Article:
In reviewing those progress reports, OFCCP investigators found that the company was giving preferential treatment to Latino applicants and systematically discriminating against African-Americans and Caucasians seeking longshoreman jobs. Under the terms of the latest conciliation agreement, JacintoPort will pay $219,000 in back wages and interest to the affected individuals, and make 17 job offers to members of the original class as longshoreman positions become available. In addition, JacintoPort has agreed to undertake extensive self-monitoring measures to ensure that all hiring practices fully comply with the law, including record-keeping requirements.
JacintoPort, a wholly-owned subsidiary of Shawnee Mission, Kansas-based Seaboard Corp., currently holds more than $1.2 million in contracts to store and transport cargo for the Defense Commissary Agency.
The Department of Labor’s Employee Benefits Security Administration has updated its website with the following:
- Affordable Care Act – Internal Claims and Appeals and External Review -
- Amendment to Interim Final Rule, available at http://www.ofr.gov/OFRUpload/OFRData/2011-15890_PI.pdf
- Technical Release 2011-02, available at http://www.dol.gov/ebsa/newsroom/tr11-02.html
- Revised Model Notice of Adverse Benefit Determination, available at http://www.dol.gov/ebsa/IABDModelNotice1.doc
- Revised Model Notice of Final Internal Adverse Benefit Determination, available at http://www.dol.gov/ebsa/IABDModelNotice2.doc
- Revised Model Notice of Final External Review Decision, available at http://www.dol.gov/ebsa/IABDModelNotice3.doc
- Updated List of Consumer Assistance Programs as of 5/23/11, available at http://www.dol.gov/ebsa/capupdatelist.doc
The U.S. Department of Labor (DOL) announced a new Web tool to help employers understand their responsibilities to report and record work-related injuries and illnesses under Occupational Safety and Health Administration (OSHA) regulations.
The OSHA Recordkeeping Advisor helps employers and others responsible for organizational safety and health quickly determine whether an injury or illness is work-related; whether a work-related injury or illness needs to be recorded; and which provisions of the regulations apply when recording a work-related injury or illness. To help employers in making these determinations, the OSHA Recordkeeping Advisor relies on their responses to a series of pre-set questions.
On April 5, 2011, the U.S. Department of Labor issued final regulations intended to address a number of amendments to the FLSA over the years and to update the regulations to reflect current conditions. The end result, which becomes effective May 5, 2011, will impact employers in a number of industries (such as restaurants that use the tip credit to calculate the minimum wage of tipped employees, and municipal employers that have comp time systems). The final regulations continue in place a regulation that declares that service advisers employed by automobile dealerships should be treated not as exempt but as non-exempt employees. The DOL reconfirmed this interpretation even though it has been rejected previously by several U.S. Courts of Appeals, including the Fourth Circuit (which covers Maryland, Virginia, West Virginia and the Carolinas).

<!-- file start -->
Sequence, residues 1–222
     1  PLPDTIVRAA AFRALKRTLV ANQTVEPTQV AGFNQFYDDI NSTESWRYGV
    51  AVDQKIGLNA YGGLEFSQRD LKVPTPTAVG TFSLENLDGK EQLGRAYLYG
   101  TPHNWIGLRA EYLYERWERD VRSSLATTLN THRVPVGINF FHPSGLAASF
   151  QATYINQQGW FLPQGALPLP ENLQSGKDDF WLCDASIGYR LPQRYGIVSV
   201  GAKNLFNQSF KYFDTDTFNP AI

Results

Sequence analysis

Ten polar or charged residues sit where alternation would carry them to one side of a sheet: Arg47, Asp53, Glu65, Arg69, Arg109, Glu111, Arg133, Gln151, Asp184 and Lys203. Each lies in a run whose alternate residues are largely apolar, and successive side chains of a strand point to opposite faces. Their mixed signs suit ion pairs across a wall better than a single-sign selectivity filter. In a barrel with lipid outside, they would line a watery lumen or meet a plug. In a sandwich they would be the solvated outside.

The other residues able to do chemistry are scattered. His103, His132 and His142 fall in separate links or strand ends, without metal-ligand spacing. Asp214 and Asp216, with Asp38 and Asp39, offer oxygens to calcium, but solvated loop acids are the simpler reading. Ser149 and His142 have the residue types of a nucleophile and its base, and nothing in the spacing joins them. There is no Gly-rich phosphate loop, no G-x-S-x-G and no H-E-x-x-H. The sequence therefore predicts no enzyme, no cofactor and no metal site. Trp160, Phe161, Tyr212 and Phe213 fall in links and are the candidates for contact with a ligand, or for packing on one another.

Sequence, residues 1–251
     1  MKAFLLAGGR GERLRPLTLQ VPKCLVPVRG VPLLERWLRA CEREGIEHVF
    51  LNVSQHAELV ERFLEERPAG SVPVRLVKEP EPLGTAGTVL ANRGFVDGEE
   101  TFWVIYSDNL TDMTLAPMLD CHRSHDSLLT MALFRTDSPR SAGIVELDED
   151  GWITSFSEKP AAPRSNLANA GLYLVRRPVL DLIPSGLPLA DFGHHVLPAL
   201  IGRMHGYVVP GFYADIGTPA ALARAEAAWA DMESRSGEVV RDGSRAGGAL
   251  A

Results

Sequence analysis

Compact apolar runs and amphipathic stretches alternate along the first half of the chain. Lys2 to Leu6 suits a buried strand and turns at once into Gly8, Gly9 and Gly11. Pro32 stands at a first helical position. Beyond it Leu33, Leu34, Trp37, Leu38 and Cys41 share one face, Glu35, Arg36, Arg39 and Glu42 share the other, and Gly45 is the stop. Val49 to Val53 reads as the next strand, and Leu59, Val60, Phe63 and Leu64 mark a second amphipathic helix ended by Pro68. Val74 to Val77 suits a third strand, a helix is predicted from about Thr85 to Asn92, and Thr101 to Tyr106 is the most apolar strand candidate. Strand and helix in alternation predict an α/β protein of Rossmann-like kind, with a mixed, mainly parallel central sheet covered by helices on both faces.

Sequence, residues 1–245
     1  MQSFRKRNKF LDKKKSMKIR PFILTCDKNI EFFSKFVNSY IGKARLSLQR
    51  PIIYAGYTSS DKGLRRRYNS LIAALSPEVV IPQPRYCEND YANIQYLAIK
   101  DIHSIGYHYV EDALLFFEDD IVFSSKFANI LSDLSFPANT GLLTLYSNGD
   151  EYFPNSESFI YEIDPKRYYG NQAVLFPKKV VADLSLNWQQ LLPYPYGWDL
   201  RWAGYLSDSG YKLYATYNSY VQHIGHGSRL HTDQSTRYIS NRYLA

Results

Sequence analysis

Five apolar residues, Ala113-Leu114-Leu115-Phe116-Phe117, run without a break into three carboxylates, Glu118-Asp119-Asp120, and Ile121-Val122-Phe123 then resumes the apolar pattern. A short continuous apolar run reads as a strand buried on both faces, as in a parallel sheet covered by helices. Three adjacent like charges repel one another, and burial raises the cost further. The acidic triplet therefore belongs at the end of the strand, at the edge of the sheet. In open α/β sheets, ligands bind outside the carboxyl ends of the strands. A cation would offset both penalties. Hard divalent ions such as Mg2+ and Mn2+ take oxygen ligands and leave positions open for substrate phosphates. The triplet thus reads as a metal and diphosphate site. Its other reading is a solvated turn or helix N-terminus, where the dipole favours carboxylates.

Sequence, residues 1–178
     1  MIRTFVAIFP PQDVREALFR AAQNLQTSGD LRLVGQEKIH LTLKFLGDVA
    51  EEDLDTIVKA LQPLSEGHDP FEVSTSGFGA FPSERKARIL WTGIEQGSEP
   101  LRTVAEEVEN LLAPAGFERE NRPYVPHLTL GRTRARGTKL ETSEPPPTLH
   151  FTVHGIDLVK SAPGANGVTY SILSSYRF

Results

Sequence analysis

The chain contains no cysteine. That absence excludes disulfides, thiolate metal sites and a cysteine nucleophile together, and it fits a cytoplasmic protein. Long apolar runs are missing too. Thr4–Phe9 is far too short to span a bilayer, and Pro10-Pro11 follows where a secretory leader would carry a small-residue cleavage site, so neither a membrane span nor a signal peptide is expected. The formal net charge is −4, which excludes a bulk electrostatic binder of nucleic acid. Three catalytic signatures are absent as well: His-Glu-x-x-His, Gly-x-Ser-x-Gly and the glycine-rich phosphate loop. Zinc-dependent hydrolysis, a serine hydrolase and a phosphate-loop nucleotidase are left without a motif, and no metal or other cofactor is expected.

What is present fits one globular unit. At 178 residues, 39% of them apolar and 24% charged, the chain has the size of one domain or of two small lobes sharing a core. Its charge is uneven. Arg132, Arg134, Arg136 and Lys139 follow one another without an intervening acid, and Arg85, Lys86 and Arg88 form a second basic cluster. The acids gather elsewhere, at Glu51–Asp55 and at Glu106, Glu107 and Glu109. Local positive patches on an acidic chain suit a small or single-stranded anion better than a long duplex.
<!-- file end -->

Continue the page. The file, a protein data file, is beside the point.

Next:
Employees Paid on the Fluctuating Workweek Method
The final regulations address bonus and non-overtime premium payments for employees paid by the fluctuating workweek method. By way of background, if a non-exempt employee works fluctuating hours from week to week, the employer and employee may mutually agree to a fixed salary as “straight time” compensation “apart from overtime premiums” for whatever hours the employee is required to work in a given workweek. The fixed salary amount must be sufficient to provide compensation at not less than the minimum wage. If these conditions are met, the employer satisfies the obligation to pay overtime if it compensates the employee, in addition to the straight time pay, at least one-half of the regular rate of pay for all hours worked in excess of 40 in the workweek (rather than one-and-one half times the rate, since the straight time salary is agreed to cover all hours worked in a workweek). Because the employee’s hours fluctuate from week to week, the regular rate of pay must be determined each workweek depending on the hours worked.